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Bitcoin is still finding it difficult to break away from the $42,000 level with the Fed’s hawkish pivot providing impetus for a crypto sell-off.

Cryptocurrency update

Can Bitcoin break out of the $42,000 range?

A hawkish Fed and a sagging equities market are both weighing hard on Bitcoin and the wider crypto market.

Bitcoin has basically stayed stuck around the $42,000 mark for the past week or so, following on from the Fed’s rate hike hints, as well as a drop in US tech stocks.

At the time of writing, Bitcoin was in the midst of another sideways churn. Up 0.8% on the day, BTC was trading for about $42,161. Not much progress across the week.

For the world’s most popular crypto token, 2022 has not been the best of years. According to Coindesk research, BTC is now down 8.7% year-to-date. Other coins are performing the same, such as Ethereum, which has dropped 13% on a year-to-date basis.

At the moment, much of this churn can be attributed to an early year sell-off. There are expectations that the Federal Reserve could raise interest rates as early as March. Investors look like they’re dumping their risky assets in line with the incoming hike.

Bitcoin is some 37% off its all-time high. Volatility is nothing new in crypto markets, but it may pick up following the Fed’s hawkish pivot. But what would constitute a huge crash in assets like equities or crude oil, such drops are par the course for digital tokens.

The fear and greed index is up by a couple of points, with a score of 24, but it’s still firmly in the red. The Bitcoin bear market rolls on.

EU puts crypto mining under the environmental spotlight

We’ve long talked about the environmental impact of crypto mining, especially networks which run on power-hungry Proof of Work (PoW) blockchain networks. Now, the EU appears to be putting the heat on digital token miners, raising its potentially harmful impact once more.

Erik Thedéen, Vice-Chair of the European Securities and Markets Authority (ESMA) has called for a bloc-wide ban on PoW mining with miners moving towards a Proof of Stake model.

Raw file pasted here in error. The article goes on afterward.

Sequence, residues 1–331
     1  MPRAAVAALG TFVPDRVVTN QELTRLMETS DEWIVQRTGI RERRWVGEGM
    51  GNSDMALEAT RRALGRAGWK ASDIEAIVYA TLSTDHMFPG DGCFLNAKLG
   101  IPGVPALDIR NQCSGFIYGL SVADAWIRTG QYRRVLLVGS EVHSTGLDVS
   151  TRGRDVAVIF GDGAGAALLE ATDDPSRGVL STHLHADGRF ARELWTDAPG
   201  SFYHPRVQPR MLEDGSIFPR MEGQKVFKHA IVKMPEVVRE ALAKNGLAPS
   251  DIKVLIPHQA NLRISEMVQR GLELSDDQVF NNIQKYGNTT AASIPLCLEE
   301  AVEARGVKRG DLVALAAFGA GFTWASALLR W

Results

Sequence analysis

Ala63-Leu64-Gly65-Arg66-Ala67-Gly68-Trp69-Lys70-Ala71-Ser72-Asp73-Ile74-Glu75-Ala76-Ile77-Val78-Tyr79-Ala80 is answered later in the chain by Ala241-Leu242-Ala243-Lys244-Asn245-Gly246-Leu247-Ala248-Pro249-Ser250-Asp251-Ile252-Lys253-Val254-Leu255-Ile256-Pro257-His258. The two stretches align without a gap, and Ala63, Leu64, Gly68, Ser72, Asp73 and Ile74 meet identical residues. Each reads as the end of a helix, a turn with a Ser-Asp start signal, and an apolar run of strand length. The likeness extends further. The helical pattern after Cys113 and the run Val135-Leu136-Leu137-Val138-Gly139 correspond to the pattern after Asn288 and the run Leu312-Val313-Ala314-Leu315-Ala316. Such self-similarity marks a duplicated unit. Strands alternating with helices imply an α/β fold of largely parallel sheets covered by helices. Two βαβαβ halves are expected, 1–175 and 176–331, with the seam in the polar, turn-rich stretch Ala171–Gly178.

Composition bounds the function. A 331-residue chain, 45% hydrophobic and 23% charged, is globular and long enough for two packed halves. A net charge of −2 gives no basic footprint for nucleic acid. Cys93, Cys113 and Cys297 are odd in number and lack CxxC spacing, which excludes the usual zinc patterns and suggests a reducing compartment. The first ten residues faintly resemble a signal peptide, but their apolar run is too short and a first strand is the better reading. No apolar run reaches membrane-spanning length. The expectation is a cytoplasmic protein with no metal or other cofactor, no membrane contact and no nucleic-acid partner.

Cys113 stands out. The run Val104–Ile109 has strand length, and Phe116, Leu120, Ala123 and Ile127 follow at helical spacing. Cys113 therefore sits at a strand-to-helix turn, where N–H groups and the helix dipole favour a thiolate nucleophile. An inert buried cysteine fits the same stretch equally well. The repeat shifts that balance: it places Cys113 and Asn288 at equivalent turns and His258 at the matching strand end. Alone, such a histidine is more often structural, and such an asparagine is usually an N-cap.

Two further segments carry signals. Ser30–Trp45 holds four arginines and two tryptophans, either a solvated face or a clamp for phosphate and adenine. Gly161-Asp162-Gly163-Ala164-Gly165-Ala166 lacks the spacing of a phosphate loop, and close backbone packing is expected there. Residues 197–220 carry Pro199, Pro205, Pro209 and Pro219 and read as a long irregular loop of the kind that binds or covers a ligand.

Proof of Work systems basically require all participants on a blockchain to verify transactions. The computing power needed to generate tokens is massive, hence why mining operations are usually large-scale clusters of computers and servers tied together. The net result is high power consumption.

Bitcoin and Ethereum currently both run on PoW networks, although Ethereum is in the process of transitioning to a PoS system.

Proof of stake slashes the number of network uses needed to verify transactions.  That drops the amount of power required to generate digital coins, thus liming mining’s enverionmental damage.

In 2020, Bitcoin mining alone used more power than Sweden. As a Swede himself, it’s no wonder Thedéen is keen to push miners towards more sustainable methods.

“We need to have a discussion about shifting the industry to a more efficient technology,” Thedéen told the Financial Times. “The financial industry and a lot of large institutions are now active in cryptocurrency markets, and they have [environmental, social and governance] responsibilities.”

There are currently no indicators that Bitcoin will move to a Proof of Stake blockchain solution in the future. Expect the conversation around the token’s sustainability and energy consumption to increase going forward.

Andreessen Horowitz looking for $4.5bn for new crypto fund

Venture capital firm Andreesen Horowitz is aiming to raise $4.5bn in capital for a new cryptocurrency investment fund.

The firm has told prospective investors it is looking for an initial $3.5bn to build a crypto investment funds. Andreesen Horowitz already raised $2.2bn in June for its Crypto Fund III, the largest sum raised for a digital token fund to date.

The other $1bn is to invest in seed funding for crypto and digital finance startups.

The new crypto fund would be the industry’s largest, overtaking the $2.5 billion raised by Paradigm in November.

It comes just weeks after Katie Haun, an a16z partner, said she was leaving the company to start her own venture capital firm.

 

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